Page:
How I Almost Went To Juvie
We had a ten minute warning. The paddy wagon was on its way. What was our heinous crime worthy of being surrounded by the Federal Police and Mounted Patrol? Peaceful protest. Actually, it was barely even peaceful protest, more like peaceful picnicking with banners.It was part of CODEPINK’s fifth annual walk across the Golden Gate Bridge.
CODEPINK is an anti-war and human rights organization founded by under the idea of “women for peace” in 2002. Since then, it has grown to become one of the leading activism groups in the country, traveling to Afghanistan, interrupting meetings in Congress, and supporting Occupy Wall Street.
Between twenty and thirty people walked from each end of the bridge and met in the middle. We were all dressed up in pink and smiles, flashing the peace sign, and carrying signs saying “Peace Now”, “Bring Our War $$ Home”, and “Ground the Drones” as drivers honked and pedestrians cheered us on.
It was a beautiful day and a terrifically fun protest, and being the social animals that we are, the “Codepinkers” later gathered in Crissy Fields for a potluck. We shared food, stories, and hugs, and attached our signs and banners to a nearby fence so that people who were interested would know why we were there. Apparently this goes against the federal code.
A police car pulled up and three Federal Police Officers stepped out. They told us that we weren’t allowed to be there because we had signs and banners. Yes, we had signs and banners, but we weren’t doing anything with them. We were having a picnic, just like most of the people in the park.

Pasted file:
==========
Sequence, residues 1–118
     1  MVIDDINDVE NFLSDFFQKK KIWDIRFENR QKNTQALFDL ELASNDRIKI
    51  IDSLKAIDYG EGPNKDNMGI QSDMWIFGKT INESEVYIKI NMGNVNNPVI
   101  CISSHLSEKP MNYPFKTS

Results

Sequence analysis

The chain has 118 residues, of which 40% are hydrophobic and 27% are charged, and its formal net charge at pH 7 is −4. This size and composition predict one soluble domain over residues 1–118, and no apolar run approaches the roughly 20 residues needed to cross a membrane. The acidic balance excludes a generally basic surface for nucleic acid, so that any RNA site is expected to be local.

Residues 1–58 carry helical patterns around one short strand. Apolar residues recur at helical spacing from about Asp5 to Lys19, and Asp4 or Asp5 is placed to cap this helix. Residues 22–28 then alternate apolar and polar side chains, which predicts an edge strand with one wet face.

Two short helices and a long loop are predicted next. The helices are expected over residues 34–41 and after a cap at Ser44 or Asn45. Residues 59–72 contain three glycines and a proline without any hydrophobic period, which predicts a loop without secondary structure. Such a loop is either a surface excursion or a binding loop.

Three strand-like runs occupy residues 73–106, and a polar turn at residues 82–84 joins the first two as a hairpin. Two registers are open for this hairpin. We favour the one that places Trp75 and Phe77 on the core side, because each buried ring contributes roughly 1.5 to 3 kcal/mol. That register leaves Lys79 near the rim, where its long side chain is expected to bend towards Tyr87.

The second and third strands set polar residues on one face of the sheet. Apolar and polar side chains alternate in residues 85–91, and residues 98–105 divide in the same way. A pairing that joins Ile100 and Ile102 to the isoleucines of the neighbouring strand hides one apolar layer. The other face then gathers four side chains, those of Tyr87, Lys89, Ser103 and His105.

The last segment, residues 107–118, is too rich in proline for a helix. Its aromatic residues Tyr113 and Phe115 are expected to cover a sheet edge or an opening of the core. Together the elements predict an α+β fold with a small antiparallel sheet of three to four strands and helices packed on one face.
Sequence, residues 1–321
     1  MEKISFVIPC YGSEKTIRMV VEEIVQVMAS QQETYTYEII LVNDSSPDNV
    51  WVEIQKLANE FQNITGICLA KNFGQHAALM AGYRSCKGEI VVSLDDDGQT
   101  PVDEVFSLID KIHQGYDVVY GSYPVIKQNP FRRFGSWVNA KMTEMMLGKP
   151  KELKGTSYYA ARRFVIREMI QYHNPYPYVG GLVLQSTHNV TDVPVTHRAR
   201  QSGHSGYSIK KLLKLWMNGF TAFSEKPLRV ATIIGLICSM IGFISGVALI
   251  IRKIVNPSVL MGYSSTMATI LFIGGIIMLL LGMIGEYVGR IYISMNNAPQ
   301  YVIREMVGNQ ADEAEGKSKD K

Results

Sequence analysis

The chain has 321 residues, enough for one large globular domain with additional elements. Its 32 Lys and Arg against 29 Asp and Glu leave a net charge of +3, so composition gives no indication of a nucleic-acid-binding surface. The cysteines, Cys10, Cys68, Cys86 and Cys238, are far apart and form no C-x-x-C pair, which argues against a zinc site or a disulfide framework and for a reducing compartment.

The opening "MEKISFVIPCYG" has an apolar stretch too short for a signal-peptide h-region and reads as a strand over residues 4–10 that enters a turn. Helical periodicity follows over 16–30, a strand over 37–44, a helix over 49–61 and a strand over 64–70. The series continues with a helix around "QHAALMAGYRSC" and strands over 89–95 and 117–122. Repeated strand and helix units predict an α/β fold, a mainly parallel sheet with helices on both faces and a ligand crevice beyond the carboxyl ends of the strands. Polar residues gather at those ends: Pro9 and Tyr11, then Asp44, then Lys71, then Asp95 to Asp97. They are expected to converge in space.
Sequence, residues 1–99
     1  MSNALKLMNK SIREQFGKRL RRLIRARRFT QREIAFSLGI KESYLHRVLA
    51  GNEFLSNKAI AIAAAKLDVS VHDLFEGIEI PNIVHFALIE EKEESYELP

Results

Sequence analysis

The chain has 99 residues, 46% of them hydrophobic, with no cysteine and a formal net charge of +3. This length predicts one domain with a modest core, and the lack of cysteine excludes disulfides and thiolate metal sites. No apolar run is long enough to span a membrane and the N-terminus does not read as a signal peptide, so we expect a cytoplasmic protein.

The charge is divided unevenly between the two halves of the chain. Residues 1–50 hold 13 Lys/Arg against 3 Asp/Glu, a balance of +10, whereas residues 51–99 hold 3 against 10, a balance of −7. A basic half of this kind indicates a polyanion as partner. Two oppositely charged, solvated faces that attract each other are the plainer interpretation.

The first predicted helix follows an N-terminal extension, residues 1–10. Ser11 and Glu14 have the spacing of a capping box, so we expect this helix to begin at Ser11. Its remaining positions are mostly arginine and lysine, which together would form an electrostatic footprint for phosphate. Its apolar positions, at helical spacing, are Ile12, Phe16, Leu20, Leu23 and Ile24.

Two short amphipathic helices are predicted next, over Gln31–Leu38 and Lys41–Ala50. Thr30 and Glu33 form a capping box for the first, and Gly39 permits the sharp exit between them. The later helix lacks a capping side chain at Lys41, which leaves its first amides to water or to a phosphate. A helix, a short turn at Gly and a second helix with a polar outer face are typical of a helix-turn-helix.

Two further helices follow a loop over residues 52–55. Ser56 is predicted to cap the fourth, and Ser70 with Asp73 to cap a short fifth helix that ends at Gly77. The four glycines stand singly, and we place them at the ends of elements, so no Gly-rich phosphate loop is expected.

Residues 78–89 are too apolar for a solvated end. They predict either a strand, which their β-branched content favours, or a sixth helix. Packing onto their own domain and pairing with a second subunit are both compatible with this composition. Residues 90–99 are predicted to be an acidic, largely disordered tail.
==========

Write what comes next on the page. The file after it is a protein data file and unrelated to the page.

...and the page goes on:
We explained this to the officers as we took down our banners and laid them out on the ground as our picnic blankets. This gesture still wasn’t enough for them as we hadn’t done what they had specifically asked: leave or get rid of the banners. Suddenly, I noticed that the police men seemed to be multiplying. Instead of three on one side of us, there were now nine — one was on horseback — surrounding us on all sides.
Somebody said that the paddy wagon was coming and they were going to start arresting people soon. My body rushed with adrenaline as I tried to mentally prepare myself for being handcuffed. I started wondering things I had never thought about before, like where is juvie? is it close to the regular jail? how am I going to find everyone after they release us? will they actually put us in a cell?
Women from CODEPINK continued to talk to the officers, trying to come to an agreement that wouldn’t ruin our picnic and finally they reached one. It was decided that as long as we didn’t hold the signs or attach them to the fence, we could stay.
It was a victory for peaceful protest, the best way to make a stand. This day demonstrated one of the advantages of peaceful protest, mainly its peacefulness. The police officers din’t really want to arrest us because it would have been much worse for them than for us. A few hours in jail are no big deal, but getting in the news for arresting a handful of peaceful protesters is a nightmare for the police.
I’m glad I didn’t get arrested (yet), but it would have been a very poetic way to celebrate the fifth anniversary of CODEPINK’s walk across the Golden Gate Bridge, as the participants in that first walk did get arrested for “trespassing” the bridge, an equally ridiculous charge as picnicking with banners.
Other stories in Columns
- Are You Ready to Live a Vegetarian Lifestyle? - April 26, 2012
- Tricks of the Trade: Senioritis - April 23, 2012
- Hanging in the Balance: The Struggle in the High School Years - March 12, 2012
- America's Secret War - March 9, 2012
- For a Better Build, Play in Water - March 8, 2012